I landed my first tour because of a little blog I kept about playing keyboards on a cruise ship. I called it the Chronicles of a Cruise Ship Musician (CCSM). I’d only meant for it to be a casual way to keep in touch with people back home and at first I filled it like a diary — overindulging, maybe, in the self-absorbed drivel that I figured nobody was even reading.
Eventually, though, I stopped writing commentary on what I was eating at the buffet (thankfully) and started writing about the job itself. Maybe it’s hard to imagine now, but when I started the blog in 2004 it was hard to find useful information about what it was like to play music on a cruise ship. None of us on the gig seemed to have any idea what we were getting ourselves into before we actually arrived at the ship.
It wasn’t very long before the blog began to get comments from musicians that had found the Web site through search engines. They were curious about the gig and I answered their questions as best I could.
This continued after I’d finished my six-month contract and, in fact, continues to this day. The blog now has several guest writers and serves as a candid source of information from a musician perspective.
A few summers after my cruise gig I received a phone call from a bassist who had been reading CCSM.
His tour was ending soon, and he thought he might try working cruise ships as a kind of semi-retirement.
We ended up talking for nearly two hours, first about cruise ship jobs, then about touring. At that time I was very eager to get on the road.
He had some great advice for me — including a strong suggestion to join the AFM — and just four weeks later I’d already landed my first tour.
I don’t mean to say that writing a blog will get you a gig — it was much more indirect than that for me. I am, obviously, an advocate of Internet-aided networking, but even I don’t think that merely joining a social network or starting a blog will be enough to get you more work. Tech-based networking will never replace old-fashioned face time, but nevertheless, it has become a powerful way to supplement existing, or even facilitate new, one-on-one interactions.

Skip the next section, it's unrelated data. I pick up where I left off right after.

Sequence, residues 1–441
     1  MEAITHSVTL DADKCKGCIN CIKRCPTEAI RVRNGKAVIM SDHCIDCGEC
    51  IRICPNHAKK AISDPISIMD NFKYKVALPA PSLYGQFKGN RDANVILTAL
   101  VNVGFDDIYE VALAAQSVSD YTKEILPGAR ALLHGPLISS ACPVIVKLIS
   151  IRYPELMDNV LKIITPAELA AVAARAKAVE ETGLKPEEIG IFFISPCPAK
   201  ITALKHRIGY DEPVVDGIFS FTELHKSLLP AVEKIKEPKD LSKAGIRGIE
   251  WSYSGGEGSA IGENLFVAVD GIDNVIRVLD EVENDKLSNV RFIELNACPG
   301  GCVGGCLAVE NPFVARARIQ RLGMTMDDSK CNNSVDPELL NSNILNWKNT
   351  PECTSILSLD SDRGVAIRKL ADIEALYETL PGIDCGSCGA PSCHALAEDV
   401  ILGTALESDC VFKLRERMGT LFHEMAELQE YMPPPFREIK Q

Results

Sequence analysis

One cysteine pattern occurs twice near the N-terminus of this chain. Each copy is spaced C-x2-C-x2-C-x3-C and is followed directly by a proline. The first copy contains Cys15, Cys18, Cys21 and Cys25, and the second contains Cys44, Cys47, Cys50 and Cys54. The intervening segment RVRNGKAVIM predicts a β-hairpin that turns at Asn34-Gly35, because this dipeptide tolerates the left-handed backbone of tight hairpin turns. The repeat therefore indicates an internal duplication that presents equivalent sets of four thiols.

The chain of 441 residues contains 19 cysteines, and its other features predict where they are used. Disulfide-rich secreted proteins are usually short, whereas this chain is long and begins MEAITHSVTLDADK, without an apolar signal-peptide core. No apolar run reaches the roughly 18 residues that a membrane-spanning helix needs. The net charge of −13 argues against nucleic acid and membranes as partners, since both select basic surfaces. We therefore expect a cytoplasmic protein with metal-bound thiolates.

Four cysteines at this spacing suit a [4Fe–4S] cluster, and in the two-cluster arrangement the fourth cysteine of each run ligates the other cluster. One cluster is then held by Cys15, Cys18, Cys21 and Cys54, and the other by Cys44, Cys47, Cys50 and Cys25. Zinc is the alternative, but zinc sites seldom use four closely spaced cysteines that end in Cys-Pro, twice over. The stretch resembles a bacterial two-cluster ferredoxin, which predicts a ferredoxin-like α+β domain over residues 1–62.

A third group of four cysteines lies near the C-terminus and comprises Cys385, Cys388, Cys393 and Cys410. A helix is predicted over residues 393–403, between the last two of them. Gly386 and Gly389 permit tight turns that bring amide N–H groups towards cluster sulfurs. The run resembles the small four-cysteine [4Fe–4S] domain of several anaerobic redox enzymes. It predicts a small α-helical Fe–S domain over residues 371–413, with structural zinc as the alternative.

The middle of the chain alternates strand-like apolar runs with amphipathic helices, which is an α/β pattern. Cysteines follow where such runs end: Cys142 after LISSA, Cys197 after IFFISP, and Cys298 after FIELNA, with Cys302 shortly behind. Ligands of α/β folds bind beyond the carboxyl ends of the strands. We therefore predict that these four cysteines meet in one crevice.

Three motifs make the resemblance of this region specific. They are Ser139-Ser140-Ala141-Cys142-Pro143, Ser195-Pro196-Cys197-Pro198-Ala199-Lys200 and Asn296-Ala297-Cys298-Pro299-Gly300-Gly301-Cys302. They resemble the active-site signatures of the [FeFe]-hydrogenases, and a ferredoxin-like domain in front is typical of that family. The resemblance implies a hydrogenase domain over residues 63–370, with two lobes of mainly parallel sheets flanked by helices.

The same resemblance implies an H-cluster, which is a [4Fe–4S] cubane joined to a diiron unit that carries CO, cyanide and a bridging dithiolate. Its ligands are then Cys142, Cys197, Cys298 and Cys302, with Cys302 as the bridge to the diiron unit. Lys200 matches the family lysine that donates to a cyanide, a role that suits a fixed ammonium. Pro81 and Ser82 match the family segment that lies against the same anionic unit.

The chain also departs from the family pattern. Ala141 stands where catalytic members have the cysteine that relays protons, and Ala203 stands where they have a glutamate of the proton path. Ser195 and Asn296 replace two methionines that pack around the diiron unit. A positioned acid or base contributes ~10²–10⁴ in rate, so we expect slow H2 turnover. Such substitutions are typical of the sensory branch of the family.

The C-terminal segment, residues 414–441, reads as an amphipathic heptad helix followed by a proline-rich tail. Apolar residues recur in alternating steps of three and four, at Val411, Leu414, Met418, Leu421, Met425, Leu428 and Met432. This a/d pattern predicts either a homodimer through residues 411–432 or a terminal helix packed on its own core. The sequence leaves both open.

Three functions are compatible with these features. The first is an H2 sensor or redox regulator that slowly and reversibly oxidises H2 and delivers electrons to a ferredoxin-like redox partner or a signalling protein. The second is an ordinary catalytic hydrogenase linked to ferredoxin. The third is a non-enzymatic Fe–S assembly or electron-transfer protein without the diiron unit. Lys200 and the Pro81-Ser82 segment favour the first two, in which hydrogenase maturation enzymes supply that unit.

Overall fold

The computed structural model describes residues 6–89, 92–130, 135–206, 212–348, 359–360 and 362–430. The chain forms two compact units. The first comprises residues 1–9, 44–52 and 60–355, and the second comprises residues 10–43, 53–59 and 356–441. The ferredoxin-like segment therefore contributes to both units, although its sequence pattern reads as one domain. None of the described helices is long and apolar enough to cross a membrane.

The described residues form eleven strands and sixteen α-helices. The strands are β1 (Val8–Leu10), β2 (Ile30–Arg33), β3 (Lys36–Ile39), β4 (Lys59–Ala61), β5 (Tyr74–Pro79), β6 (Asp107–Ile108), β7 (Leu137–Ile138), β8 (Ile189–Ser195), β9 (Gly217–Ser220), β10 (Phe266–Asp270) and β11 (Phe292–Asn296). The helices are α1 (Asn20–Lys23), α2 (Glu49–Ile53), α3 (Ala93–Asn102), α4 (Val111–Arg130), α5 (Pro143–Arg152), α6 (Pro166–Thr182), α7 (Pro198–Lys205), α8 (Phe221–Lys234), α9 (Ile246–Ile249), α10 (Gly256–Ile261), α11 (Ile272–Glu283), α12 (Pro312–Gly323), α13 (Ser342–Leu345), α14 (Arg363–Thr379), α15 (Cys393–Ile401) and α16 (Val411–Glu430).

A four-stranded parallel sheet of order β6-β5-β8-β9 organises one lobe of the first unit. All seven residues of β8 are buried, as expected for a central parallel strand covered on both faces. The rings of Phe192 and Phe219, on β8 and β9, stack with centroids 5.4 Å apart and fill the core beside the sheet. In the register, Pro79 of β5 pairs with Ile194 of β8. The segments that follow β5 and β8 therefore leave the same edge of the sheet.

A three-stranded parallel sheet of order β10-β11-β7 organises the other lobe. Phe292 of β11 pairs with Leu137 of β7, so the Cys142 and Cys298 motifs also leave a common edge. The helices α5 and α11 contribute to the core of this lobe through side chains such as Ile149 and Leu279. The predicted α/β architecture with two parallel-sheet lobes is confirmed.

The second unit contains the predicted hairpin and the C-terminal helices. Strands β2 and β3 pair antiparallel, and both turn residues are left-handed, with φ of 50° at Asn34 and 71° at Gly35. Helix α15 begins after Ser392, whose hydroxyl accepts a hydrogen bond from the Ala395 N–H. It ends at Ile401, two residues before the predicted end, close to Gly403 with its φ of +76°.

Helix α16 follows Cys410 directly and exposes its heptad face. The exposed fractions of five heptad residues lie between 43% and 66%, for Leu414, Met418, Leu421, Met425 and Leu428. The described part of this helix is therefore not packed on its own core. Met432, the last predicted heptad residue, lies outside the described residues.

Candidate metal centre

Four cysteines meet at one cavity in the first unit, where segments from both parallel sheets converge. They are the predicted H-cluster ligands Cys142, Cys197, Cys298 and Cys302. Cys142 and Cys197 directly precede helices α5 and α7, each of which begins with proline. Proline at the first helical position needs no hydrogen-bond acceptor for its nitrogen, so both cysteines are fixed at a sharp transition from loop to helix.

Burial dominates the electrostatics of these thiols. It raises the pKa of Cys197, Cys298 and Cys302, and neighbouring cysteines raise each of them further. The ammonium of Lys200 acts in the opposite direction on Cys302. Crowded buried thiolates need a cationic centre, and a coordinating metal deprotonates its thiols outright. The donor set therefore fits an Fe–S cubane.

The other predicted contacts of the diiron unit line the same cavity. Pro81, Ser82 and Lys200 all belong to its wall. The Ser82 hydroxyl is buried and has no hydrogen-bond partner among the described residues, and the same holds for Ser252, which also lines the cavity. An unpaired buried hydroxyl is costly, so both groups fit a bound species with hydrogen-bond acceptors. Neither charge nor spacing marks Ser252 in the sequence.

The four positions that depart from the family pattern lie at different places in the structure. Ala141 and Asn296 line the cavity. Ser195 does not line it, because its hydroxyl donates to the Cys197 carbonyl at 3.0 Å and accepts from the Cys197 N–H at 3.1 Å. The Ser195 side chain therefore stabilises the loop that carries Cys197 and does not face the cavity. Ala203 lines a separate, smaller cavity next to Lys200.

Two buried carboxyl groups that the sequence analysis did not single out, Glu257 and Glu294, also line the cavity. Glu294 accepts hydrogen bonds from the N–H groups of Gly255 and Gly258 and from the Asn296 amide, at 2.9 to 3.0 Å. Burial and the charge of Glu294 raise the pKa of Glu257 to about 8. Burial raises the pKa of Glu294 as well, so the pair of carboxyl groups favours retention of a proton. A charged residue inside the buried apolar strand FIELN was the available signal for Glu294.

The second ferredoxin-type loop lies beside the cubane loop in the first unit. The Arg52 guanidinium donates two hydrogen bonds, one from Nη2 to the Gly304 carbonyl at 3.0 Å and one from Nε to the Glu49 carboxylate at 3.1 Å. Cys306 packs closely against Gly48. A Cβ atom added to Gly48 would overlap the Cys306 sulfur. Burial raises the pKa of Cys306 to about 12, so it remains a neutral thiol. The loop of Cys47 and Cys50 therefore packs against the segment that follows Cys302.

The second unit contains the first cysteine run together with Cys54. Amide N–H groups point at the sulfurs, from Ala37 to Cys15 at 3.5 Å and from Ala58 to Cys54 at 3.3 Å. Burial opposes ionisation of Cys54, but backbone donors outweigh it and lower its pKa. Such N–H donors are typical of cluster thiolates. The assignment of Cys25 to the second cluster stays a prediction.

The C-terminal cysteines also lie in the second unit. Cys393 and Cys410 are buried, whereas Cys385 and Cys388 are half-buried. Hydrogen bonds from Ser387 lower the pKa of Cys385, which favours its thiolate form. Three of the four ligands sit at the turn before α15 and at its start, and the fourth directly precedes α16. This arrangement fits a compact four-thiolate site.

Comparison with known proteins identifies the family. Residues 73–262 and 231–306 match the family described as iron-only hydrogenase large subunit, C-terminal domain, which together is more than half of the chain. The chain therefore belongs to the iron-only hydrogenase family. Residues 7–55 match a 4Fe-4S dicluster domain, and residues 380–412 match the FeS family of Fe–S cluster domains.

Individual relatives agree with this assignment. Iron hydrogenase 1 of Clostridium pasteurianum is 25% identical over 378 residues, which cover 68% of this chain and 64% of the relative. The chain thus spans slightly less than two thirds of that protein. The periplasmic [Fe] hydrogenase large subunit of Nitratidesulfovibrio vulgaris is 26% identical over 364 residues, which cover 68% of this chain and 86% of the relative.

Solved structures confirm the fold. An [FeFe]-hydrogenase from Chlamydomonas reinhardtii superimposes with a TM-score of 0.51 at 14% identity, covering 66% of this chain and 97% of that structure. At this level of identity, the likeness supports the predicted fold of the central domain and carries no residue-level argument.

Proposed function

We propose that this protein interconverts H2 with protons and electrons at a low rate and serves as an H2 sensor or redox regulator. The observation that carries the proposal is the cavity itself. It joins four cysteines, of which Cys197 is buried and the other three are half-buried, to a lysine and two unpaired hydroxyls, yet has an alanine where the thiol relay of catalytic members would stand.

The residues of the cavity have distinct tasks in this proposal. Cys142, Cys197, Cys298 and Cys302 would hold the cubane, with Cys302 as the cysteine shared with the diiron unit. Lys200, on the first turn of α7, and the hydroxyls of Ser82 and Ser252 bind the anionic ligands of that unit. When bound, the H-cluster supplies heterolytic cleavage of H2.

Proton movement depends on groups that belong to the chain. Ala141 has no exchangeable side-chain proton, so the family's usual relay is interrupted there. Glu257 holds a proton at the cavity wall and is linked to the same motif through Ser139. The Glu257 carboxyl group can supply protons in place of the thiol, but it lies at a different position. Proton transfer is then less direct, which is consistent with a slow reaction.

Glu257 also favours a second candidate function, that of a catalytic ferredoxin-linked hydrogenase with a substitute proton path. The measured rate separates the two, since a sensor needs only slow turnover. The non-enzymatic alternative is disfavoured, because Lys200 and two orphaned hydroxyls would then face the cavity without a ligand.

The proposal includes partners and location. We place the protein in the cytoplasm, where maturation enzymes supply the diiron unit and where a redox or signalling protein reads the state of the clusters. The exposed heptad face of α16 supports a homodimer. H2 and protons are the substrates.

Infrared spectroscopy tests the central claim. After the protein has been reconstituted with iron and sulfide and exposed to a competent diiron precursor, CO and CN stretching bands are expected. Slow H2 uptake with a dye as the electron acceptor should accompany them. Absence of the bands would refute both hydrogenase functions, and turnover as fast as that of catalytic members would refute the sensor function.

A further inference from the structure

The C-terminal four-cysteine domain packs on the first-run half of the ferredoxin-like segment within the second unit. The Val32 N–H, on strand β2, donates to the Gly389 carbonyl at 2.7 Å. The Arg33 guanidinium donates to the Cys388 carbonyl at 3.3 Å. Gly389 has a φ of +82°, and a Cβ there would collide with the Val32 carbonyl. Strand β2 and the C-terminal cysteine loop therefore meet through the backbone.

What the Internet has provided us as professional musicians is not just the ability to promote ourselves, but an ability to define ourselves. Blogs, profiles, personal websites — these are the new resume. You can now write a blog that attracts attention to your knowledge and personality, create a Facebook profile that shows employers your mutual contacts, and build a website that attracts new students and clients. And yes, if it works right, this altogether could lead to new work.
So maybe I do mean to say that writing a blog will get you a gig? Maybe. For me, the Internet has been a very successful way to connect, communicate and collaborate with musicians all over the industry, and blogging has been central to that good luck. Contrary to their widespread stereotypes, blogs and social networks are not about broadcasting our secret adolescence to all of cyberspace, they are about creating a presentation of ourselves, in our case, as expert music professionals whose knowledge and talent add value to whatever projects we’re involved in.
Have you thought about starting a blog? You should. Don’t wait any longer — dive in. You’ll be surprised how quickly and easily you’ll connect with others. You never know what new opportunities that will create for you.
David J. Hahn is a freelance pianist, keyboardist and writer. Originally from the Chicago area, he now lives in New York City and makes most of his bread in musical theatre. Visit Dave’s new blog, and the new home of the Chronicles of a Cruise Ship Musician, at MusicianWages.com.